Sir Rabbie Namaliu was a man of many accolades during his service to the people of Papua New Guinea, says Prime Minister James Marape.
At the State funeral held at Apec House Tuesday, Marape gave a heartfelt speech about the life of the former Prime Minister Sir Rabbie.
“The solemn responsibility has fallen on me to have presided over the passing of three former prime ministers of our country, all of whom have played very significant roles in the formative years of our country.
“They have all laid the foundational building blocks that have anchored and continue to anchor our unity and democracy. On this occasion, it is with great sadness and deepest of all condolences, that I want to convey our sincere and heartfelt sympathies to the children, family and the people of East New Britain on the passing of this great man, Sir Rabbie.
“He emerged from a simple missionary family into becoming an extraordinary Papua New Guinean,” Marape said.
He explained that Sir Rabbie would then go on to become one of the few pioneers of Papua New Guinea to study at the University of Papua New Guinea and then pursue postgraduate studies overseas.
“He was among the first students at the University of Papua New Guinea in 1966.
“He was the first chief of staff to the then first prime minister Grand Chief Sir Michael Thomas Somare.
“He was the key member of the Constitutional Planning Committee.
“He became our country’s fourth prime minister in 1988.
“He was made a member of the Her Majesty’s Privy Council (of the United Kingdom) in 1989. He held many portfolios and public offices from 1982 to 2007.
“And since then, has not contested or re-contested public office.
“We are giving respect to a Papua New Guinean giant, who helped the fathers of our country to ensure we achieved our sovereignty and nationhood,” Marape said.
“Sir Rabbie was an inspirational leader with strong Christian and Melanesian cultural influence that dictated his work and life of service to our country. He was a humble man.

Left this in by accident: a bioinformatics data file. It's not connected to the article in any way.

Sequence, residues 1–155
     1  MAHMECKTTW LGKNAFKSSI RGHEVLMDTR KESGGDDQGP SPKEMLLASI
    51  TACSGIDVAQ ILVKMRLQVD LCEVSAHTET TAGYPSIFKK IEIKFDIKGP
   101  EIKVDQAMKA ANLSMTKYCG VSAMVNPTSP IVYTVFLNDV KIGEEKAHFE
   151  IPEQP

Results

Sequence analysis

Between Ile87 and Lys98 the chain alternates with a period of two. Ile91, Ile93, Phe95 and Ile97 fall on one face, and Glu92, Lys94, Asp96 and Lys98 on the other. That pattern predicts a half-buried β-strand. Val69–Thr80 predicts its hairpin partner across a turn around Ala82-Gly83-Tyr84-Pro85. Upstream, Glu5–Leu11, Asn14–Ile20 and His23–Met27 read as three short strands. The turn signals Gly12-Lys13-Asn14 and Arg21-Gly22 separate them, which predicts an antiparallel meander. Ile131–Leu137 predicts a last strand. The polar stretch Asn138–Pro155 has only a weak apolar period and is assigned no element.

“Sir Rabbie worked for the country faithfully and honestly. He, like Grand Chief Sir Michael Thomas Somare, lived simple and fulfilling lives after politics.
“He set his bar very high and kept his dignity, achieving much of what he set out to do.
“He entered and exited public life without fanfare and continued to work and offer useful contributions to his country.
“He is a wonderful example whom we all can learn from in all facets of life, so that we too, especially today’s generation and the generation that come after us, can learn from Sir Rabbie.
Meanwhile, former Prime Minister Paias Wingti says the country has lost a key player in the formation of the nation towards independence.
Wingti told The National in his tribute to Sir Rabbie Namaliu.
“Papua New Guinea has lost a very good man, he was part of this country’s history right from the beginning, from formation to independence,” he said.
He said Sir Rabbie was a key player in the group of Papua New Guineans that led the foundation of this nation.
“He played a very important role in our country when you look at self-government and independence and he was one of the pioneers with the group that built the image of the country,” he said.
He said Sir Rabbie was a personal adviser to political leaders at that time when Grand Chief Sir Michael Thomas Somare was chief minister.
Wingti said Sir Rabbie was a champion and leader all the way, even when he joined the private sector, he continued to contribute in that space. “We both were in the Pangu Pati together in 1977 and I knew him for quite some time and he was honest, humble and took lead in many of the work to change the nation,” he said.